Oooh, that sounds heavy, but surface fun without substance doesn't make the list. 


Neither do kits that are just flat-pack assembly - too boring. Our kids like things with screws and circuits, complex ideas, hands-on getting messy, creative, strategic, quirky funny stuff.


We have included the best games, kits, books, apps, and philanthropy (charity) gifts. 


Naturally, this is not a list of the most creative gifts - for me that would be the most beautiful selection of drawing and water colour papers and a selection of varied pencils and inks and paints...or a selection of polished crystals and time to explore...or pool toys - but you don't need me to write a list with art materials or outdoor activities either - they are easier to think of.


Where to buy our top 10 gifts for the gifted?
You are net savvy obviously, so I haven't embedded shop links - just google as usual! The iPad app is from the App Store...


In no particular order here is our Top 10
Kits:


1 • Glow-Bee Solar Robot Kit - 6 projects (listed as 10+)
This was given to July for her birthday and today was the first chance she had to make it up. Here is a short video where she talks about it, and seconds after we filmed it she placed her "puppy" on the ground to find it walks too!


2 • Smart Robot Kit 4M (we added our own stickers to personalise!)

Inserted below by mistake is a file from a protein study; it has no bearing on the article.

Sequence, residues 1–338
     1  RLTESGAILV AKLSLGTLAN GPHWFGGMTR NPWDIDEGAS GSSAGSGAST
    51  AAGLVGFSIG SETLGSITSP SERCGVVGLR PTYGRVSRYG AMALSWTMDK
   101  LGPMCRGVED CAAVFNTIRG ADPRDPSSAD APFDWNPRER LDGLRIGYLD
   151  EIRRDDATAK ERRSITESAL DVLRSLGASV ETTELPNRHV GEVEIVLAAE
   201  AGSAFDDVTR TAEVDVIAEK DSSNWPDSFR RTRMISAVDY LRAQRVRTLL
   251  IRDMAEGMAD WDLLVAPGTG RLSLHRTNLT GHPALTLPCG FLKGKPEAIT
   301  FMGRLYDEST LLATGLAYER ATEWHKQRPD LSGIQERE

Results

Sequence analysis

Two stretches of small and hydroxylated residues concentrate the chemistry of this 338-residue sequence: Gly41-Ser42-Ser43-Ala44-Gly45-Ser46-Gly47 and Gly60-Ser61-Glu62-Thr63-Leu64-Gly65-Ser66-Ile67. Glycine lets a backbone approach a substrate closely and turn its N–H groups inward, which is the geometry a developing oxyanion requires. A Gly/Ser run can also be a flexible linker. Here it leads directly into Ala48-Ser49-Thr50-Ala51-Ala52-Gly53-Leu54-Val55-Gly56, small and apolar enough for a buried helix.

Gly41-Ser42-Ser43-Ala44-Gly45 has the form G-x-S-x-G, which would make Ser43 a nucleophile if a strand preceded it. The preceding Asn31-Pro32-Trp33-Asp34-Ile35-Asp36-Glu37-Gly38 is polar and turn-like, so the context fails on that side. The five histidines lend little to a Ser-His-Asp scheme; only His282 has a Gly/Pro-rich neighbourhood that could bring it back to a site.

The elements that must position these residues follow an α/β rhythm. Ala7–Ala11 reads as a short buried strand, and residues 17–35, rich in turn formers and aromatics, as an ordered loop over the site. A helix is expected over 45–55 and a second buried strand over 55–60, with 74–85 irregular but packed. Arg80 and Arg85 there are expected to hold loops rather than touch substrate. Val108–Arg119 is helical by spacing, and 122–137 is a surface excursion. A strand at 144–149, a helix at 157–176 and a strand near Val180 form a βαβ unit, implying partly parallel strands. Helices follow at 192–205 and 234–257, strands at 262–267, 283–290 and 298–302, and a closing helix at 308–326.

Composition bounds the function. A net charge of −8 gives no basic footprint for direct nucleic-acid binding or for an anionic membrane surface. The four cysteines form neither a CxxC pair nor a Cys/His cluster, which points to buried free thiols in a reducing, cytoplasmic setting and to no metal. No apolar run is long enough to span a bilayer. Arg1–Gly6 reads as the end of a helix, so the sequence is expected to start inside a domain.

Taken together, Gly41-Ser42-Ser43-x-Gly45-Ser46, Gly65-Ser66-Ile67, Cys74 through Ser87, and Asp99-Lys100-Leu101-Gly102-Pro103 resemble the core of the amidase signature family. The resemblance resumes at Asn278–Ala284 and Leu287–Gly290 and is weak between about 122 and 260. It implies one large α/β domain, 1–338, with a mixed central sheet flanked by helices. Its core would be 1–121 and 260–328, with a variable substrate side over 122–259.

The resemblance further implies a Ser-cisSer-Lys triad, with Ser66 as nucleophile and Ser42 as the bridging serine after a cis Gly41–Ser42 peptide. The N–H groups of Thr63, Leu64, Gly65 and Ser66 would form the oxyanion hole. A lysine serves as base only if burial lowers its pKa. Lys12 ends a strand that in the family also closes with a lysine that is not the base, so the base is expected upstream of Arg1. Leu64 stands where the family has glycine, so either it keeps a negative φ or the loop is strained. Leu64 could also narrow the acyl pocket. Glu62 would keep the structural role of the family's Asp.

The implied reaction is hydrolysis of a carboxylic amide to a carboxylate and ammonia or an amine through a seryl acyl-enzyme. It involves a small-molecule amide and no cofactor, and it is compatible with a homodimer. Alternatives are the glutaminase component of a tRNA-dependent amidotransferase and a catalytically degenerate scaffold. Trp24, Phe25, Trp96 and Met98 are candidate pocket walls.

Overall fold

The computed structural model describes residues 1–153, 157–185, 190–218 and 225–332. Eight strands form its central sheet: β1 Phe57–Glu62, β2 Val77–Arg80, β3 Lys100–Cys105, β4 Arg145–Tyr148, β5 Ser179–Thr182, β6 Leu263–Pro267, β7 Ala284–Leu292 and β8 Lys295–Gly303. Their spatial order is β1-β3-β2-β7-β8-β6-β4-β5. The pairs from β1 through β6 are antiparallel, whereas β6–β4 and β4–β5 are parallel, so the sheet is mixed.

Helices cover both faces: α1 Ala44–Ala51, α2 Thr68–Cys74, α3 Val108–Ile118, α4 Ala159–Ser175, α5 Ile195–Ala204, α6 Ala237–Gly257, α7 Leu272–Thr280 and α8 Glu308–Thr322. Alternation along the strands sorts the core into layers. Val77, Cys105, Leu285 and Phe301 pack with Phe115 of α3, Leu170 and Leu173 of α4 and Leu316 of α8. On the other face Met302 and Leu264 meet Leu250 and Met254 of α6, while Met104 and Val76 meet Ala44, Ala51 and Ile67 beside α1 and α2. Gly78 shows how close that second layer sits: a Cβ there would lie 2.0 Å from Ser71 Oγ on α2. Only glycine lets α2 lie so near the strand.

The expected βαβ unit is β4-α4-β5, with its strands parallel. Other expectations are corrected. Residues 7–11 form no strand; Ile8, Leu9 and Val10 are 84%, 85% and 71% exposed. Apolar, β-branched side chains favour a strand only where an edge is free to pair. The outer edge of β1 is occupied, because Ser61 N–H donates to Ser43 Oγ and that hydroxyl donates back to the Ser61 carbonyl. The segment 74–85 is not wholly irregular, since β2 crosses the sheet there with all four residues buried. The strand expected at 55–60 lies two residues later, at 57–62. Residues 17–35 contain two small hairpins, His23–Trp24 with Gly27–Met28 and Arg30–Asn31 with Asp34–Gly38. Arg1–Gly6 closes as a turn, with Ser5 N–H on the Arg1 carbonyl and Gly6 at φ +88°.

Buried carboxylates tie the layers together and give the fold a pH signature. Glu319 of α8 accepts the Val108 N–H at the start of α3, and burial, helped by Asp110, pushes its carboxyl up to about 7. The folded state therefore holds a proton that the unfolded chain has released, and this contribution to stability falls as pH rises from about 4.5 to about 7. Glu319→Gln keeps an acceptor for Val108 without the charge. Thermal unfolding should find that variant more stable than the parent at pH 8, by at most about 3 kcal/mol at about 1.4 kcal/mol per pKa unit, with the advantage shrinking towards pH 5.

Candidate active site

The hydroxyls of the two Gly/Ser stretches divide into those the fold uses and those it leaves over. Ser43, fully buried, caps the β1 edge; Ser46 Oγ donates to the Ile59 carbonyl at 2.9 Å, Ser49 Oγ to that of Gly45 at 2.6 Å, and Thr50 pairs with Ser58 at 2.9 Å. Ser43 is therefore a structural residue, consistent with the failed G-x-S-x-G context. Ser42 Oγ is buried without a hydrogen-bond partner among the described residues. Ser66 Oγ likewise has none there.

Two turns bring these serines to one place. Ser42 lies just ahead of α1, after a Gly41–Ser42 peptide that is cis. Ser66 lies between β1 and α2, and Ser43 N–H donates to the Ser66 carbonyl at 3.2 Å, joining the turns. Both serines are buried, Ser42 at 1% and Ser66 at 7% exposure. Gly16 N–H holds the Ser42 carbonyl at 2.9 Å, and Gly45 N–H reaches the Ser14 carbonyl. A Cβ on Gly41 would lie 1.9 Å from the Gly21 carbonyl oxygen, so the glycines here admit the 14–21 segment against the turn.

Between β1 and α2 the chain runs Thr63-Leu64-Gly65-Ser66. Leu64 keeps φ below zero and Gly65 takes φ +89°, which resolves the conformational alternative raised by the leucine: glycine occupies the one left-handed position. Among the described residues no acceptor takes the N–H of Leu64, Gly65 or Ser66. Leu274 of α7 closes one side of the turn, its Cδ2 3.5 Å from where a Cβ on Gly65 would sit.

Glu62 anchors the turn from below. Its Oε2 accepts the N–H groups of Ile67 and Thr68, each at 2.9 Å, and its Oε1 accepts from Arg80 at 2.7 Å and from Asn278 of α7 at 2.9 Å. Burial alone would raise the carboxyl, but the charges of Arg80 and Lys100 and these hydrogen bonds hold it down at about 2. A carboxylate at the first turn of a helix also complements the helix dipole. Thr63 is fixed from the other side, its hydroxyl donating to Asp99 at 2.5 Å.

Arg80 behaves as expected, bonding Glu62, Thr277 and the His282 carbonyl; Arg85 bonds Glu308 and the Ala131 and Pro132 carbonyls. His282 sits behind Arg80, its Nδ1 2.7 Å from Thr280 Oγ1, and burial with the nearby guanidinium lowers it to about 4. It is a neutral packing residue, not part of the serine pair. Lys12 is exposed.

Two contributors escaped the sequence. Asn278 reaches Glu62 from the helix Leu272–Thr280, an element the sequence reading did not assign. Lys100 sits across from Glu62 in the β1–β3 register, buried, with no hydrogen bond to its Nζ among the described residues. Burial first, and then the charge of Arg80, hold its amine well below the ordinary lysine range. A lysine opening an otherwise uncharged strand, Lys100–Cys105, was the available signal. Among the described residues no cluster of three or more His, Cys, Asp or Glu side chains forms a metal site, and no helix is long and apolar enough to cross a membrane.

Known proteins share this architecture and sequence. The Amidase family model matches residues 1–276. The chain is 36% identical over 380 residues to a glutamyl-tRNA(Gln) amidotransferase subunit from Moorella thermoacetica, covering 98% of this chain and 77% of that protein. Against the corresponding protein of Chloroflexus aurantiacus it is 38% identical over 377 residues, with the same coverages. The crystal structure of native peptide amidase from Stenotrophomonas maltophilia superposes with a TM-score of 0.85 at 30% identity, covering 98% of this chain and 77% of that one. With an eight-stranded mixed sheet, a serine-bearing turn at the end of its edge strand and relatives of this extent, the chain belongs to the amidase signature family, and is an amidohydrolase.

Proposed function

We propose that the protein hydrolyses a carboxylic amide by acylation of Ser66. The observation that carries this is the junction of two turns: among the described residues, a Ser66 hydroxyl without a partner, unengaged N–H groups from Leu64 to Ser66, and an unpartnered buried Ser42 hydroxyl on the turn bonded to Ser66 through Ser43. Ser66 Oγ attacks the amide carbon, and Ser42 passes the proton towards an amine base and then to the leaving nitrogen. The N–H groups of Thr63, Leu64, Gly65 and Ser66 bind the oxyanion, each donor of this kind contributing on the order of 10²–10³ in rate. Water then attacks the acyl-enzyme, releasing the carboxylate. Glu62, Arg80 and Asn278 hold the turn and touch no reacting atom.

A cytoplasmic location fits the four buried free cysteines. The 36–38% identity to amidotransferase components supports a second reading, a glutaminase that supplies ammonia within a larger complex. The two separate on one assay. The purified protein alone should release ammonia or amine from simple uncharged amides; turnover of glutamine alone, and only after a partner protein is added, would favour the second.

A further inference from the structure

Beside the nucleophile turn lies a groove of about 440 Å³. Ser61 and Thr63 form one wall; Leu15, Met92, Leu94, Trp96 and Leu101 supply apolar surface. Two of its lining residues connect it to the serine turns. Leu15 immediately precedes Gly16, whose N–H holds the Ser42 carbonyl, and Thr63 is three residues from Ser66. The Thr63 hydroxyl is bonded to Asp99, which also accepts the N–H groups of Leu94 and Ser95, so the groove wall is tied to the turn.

Took a bit to get this together, but the fun didn't end there as the girls then created complex mazes for the robot to navigate. It is powered by a ball under its 4 little legs - when its movement is impeded it tries another direction. Strangely endearing!


3 • Scyance Biology Madness - 26 experiments includes materials, equipment, a fully detailed 68 page instruction booklet and a DVD.


This is also listed as aged 10 and above, but it is all quite accessible - keeping in mind there are REAL safety requirements as there are chemicals contained in the kit. 




I really liked the interviews with the scientists on the DVD - a bit daggy but very realistic too. There are also Scyance kits for Physics and Chemistry. Scyance kits were developed by PhD students in the Department of Biochemistry and Molecular Biology at the University of Melbourne and sold to Science and Nature Pty Ltd who distribute it internationally.


4 • Crazy Action Contraptions - Lego and Klutz